7. What if our best literature requires personal suffering under no deadlines, which author advances help remove? Washing dishes all night certainly helps motivate any writer, plus provides excellent life observation opportunities out in the back alleys. This is a good article related to the topic from the Nobel judge Horace Engdahl.

    http://www.theguardian.com/books/2014/oct/07/creative-writing-killing-western-literature-nobel-judge-horace-engdahl

  8. I could write all day on the many things in both this article and the comments that demonstrate a serious lack of understanding for both the situation at hand, trad publishing and Amazon’s issues. But I’ll sum it up this way:

    1. Publishers invest in important books, both fiction and nonfiction, that they believe deserve to see the light of day. Yes, it makes a difference. Using star authors and pop success stories as examples of frivolous advance payments reduces a complex system to a cartoon.
    2. Please stop saying the Amazon/trad fight is over pricing, or about greedy publishers. The moment you make that argument you mark yourself as someone who hasn’t done the homework. The fight is over profit margins; Amazon is squeezing money out of the middle from all vendors. Prices are a PR talking point, nothing else. Amazon is working hard to weaken all the middlemen and build a vertical empire that allows it total control over the content-to-consumer pipeline.
    3. If advances are silly, then why does Amazon offer them to authors in its own imprints?
    4. You’ve never earned a living as a novelist, have you?

  9. I just find it ironic that a profit margin of 10% (for publishing) is considered to be excessive……

  10. Nicely laid out, William. Since you say your background isn’t in publishing, allow me to extrapolate on this point:

    Data-schmata, the publishers say: they simply want higher net prices per book.

    Actually, publishers love it when Amazon discounts paper books. Amazon is actually subsidizing print sales, and publishers are making out like bandits.

    But publishers hate it when Amazon discounts ebooks. That’s what the current dispute with Hachette is about.

    I go into detail here:

    http://jakonrath.blogspot.com/2014/08/amazon-vs-hachette.html

    In short, the Big 5 publishers have an oligopoly on paper distribution. This cartel has suited them very well for decades. But if readers switch to ebooks (which is being hastened by Amazon discounting ebooks more than paper books) then publishers lose their livelihood.

    Publishers have admitted to wanting to slow the adoption of ebooks, while simultaneously admitting ebooks give them much higher profit margins. They’re looking at the long game. If everyone buys ebooks, publishers won’t have any market power anymore. Authors go to publishers to get their paper books into brick and mortar stores. When that paper market collapses, publishers will become unnecessary middlemen who take an unreasonably large cut of the profits.

    Why would any author sign a contract with a publisher for ebooks only, when any author can self-publish and reach just as many readers on their own?

    That’s why publishers illegally colluded to fix prices and the DOJ brought suit against them. Unless publishers stop ebook growth, they’re obsolete.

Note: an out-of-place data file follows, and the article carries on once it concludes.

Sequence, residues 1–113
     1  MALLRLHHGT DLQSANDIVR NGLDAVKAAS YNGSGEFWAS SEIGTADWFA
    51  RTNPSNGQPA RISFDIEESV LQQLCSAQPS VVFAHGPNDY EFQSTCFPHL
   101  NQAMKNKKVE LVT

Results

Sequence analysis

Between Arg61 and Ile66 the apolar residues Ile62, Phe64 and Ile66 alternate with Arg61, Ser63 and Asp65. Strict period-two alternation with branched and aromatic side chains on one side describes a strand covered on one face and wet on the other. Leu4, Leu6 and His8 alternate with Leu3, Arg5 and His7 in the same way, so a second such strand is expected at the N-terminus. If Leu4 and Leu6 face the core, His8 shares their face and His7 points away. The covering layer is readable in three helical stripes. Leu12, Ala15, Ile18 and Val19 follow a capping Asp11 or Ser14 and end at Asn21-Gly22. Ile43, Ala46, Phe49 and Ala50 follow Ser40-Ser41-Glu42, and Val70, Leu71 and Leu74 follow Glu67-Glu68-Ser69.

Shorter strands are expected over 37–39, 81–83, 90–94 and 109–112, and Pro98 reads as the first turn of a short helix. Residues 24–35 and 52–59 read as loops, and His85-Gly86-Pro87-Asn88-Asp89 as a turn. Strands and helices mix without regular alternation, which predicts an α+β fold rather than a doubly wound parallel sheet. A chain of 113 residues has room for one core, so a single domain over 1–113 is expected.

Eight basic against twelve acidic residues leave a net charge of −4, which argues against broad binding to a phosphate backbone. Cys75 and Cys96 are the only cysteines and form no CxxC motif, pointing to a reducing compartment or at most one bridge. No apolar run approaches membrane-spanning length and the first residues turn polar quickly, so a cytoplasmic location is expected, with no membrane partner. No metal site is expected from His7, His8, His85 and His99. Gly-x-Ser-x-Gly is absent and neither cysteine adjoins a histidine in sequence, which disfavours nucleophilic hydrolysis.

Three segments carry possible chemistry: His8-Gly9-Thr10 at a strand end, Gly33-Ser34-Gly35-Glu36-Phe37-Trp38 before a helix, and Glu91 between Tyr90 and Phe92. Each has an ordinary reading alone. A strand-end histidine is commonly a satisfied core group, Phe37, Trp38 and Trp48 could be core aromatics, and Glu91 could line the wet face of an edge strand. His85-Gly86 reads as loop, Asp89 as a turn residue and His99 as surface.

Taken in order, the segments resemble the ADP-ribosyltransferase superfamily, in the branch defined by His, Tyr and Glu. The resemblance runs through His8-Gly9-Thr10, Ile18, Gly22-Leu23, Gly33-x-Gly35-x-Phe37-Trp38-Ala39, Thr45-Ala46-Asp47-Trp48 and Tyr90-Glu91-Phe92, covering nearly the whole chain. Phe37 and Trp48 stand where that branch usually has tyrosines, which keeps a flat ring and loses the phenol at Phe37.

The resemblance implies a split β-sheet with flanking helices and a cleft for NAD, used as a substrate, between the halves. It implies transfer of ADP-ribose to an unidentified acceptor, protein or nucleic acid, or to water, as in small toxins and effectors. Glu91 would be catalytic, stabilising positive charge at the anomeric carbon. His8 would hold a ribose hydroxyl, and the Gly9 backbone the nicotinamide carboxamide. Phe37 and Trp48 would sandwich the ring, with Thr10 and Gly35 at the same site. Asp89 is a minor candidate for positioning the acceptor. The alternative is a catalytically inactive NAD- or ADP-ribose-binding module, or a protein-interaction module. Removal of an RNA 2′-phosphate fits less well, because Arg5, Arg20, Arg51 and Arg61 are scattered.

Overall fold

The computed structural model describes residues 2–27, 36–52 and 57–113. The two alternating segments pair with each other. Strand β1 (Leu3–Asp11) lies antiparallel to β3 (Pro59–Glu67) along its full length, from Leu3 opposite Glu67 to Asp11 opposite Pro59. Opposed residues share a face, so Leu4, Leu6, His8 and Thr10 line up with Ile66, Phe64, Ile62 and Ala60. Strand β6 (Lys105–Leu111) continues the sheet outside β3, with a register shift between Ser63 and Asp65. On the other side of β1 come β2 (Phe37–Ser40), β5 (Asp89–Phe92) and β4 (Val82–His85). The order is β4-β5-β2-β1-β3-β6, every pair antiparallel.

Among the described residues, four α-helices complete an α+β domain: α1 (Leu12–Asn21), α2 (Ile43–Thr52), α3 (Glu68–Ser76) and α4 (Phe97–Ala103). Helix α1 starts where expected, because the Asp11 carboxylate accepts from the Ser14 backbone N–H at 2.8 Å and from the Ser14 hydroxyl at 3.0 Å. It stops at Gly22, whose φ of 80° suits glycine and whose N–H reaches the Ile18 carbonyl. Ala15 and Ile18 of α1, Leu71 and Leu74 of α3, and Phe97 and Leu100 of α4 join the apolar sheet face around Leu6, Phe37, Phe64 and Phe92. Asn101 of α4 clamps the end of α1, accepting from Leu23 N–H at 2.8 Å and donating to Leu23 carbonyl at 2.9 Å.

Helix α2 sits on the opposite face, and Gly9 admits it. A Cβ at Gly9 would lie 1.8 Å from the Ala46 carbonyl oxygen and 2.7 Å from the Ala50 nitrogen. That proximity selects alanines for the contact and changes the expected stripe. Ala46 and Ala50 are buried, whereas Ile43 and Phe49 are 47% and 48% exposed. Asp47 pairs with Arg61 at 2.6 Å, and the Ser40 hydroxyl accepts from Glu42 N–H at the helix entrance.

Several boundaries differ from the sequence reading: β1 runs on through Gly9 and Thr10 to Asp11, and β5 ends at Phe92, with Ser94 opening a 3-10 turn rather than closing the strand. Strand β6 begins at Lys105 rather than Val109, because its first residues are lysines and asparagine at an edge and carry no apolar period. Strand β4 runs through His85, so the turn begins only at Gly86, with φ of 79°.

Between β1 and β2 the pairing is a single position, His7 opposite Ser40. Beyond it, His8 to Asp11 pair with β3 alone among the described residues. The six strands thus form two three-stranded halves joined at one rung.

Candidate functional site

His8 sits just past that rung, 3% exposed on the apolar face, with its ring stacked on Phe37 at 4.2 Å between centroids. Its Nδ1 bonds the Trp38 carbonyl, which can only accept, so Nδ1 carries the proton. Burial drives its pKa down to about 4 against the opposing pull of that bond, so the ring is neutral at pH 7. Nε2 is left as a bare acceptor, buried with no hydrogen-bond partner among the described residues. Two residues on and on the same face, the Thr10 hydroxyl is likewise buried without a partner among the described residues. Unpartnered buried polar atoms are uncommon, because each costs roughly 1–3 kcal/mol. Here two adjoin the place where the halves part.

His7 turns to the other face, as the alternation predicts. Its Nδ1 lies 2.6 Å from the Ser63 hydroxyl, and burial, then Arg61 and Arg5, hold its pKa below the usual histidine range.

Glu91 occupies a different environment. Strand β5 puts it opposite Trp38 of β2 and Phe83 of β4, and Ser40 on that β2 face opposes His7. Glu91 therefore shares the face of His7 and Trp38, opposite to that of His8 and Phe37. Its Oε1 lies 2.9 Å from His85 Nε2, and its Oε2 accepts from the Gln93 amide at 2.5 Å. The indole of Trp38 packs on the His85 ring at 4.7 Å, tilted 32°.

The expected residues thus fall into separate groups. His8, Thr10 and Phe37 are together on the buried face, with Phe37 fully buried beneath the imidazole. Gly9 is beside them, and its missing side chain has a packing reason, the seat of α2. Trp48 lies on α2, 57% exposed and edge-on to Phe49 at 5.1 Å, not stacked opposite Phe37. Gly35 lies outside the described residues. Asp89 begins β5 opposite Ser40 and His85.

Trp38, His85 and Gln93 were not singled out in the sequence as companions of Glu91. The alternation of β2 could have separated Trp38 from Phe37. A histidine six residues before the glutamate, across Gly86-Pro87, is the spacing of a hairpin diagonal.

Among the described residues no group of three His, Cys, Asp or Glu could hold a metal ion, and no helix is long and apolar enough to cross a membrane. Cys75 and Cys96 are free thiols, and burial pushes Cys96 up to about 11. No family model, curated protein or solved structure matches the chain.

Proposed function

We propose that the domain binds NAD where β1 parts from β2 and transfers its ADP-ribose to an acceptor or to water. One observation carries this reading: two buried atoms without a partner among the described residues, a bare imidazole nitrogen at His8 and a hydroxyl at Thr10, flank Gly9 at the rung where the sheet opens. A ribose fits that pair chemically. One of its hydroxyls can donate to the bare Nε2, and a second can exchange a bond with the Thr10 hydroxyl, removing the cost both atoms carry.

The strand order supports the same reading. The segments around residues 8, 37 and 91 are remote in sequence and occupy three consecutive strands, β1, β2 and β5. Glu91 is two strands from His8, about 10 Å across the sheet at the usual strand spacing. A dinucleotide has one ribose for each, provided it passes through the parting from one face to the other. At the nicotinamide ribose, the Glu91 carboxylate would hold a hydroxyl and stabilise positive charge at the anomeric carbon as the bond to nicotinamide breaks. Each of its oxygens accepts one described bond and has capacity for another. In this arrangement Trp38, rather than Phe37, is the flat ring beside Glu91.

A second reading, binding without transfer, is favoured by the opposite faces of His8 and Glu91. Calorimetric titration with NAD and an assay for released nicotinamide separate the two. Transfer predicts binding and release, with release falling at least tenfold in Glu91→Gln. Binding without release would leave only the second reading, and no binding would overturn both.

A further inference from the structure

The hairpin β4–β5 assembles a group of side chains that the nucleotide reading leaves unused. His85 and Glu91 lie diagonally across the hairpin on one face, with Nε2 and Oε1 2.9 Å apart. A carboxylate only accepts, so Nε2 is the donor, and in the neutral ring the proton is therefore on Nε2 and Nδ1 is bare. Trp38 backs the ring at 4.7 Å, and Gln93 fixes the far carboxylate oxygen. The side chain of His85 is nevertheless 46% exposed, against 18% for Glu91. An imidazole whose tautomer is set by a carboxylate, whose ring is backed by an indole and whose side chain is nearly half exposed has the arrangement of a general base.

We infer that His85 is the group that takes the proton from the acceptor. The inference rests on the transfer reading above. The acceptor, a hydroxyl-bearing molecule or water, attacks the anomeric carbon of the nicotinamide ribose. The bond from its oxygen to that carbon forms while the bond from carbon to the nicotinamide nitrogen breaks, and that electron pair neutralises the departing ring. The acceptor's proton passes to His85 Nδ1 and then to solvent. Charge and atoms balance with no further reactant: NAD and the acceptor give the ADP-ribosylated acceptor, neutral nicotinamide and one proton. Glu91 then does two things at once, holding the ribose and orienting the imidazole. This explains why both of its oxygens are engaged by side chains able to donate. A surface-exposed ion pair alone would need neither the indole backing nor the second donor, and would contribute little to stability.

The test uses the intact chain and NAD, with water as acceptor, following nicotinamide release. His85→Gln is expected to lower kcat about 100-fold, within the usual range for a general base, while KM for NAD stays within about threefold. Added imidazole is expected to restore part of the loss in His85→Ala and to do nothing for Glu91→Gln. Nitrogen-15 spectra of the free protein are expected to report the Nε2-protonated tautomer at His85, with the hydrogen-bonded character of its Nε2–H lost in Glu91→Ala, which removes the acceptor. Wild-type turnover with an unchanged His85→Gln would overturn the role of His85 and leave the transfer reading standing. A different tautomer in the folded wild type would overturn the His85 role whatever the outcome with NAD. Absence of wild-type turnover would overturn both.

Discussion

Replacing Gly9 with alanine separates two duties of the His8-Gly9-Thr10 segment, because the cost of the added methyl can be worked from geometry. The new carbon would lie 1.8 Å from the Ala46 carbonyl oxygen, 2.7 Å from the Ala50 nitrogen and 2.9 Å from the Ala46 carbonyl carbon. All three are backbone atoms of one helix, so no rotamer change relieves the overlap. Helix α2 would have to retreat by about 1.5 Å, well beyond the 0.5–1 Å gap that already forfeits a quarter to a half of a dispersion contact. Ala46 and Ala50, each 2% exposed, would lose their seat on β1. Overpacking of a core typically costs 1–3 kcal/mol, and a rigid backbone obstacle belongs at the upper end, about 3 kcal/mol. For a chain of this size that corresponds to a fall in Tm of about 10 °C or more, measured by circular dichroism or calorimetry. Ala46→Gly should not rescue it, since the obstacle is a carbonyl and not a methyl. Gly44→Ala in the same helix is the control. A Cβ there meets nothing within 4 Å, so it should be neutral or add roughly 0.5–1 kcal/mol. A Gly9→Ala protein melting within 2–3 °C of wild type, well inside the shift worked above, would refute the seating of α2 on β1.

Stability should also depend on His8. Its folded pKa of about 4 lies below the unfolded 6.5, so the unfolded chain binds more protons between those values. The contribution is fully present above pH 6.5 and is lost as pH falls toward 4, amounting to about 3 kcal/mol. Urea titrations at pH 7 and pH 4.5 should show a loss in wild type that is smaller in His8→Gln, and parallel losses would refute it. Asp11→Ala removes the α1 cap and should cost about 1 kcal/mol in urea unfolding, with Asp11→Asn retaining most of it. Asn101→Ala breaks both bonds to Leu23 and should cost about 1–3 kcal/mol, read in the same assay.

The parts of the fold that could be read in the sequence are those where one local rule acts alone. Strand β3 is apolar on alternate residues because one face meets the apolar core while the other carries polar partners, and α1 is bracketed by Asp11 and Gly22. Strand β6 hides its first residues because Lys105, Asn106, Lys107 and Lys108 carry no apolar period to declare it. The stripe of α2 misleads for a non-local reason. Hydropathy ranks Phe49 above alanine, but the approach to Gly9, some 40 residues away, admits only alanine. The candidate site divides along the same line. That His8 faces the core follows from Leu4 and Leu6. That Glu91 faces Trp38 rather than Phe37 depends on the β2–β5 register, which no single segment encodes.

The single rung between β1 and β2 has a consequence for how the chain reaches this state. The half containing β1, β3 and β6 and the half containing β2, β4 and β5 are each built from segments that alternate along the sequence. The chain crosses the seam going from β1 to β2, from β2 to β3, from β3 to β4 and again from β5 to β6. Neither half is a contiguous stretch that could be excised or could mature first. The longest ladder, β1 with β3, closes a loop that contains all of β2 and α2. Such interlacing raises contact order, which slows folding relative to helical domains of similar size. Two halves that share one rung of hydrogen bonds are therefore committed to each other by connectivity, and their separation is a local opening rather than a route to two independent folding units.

• +++ But publishers hate it when Amazon discounts ebooks. That’s what the current dispute with Hachette is about.

      I go into detail here:

      http://jakonrath.blogspot.com/2014/08/amazon-vs-hachette.html +++

      And your post is not accurate. The big publishers sell E-books at wholesale all the time to Amazon. All you have to do is spend five minutes looking through their listings. Stephen King’s “The Shining” is up for $1.99 on Amazon. Clearly, it is being sold via the wholesale mode.

      The big publishers want to maximize their revenues via agency pricing for well known and high selling writers during the launch period. Anyone who studied the earlier Macmillan vs. Amazon fight understands that.

      Amazon’s seven dollar pricing box is reserved for the indies. The little guys. Amazon seems quite happy to sell Mr. Mercedes for $11.99.

      So much for that silly piece of Amazon Vogon poetry proclaiming the wonders of $9.99.

      Rick Chapman

      • “Selling” them ebooks wholesale is not accurate. They’re licensing them under a wholesale – type arrangement at best. They can’t sell Amazon ebooks because there’s no transfer of title. If they were “selling” them, they wouldn’t even have the one rickety sawed off leg they’re standing on to argue for supplier controlled retail pricing. It would be a blatantly obvious violation of first sale.

  11. +++ If they were “selling” them, they wouldn’t even have the one rickety sawed off leg they’re standing on to argue for supplier controlled retail pricing. +++

    And again, this statement is dead wrong.

    Rick Chapman

    • Dead wrong how? If they were truly selling them ebooks, Hachette’s title would transfer to Amazon and they would have precisely zero grounds to claim any such ability on pricing after that. But ebooks are licensed not sold. Otherwise all those people who bought those ebooks from Amazon would have the exact same right to resale which they clearly do not. Hachette would have two ways to claim such a right. A negotiated agreement with Amazon that’s not the result of collusion or some sort of claim based on the fact that Hachette retains title to the ebooks and can attach terms as such to the license. I don’t think either is viable at the moment.

  12. +++ Why would any author sign a contract with a publisher for ebooks only, when any author can self-publish and reach just as many readers on their own?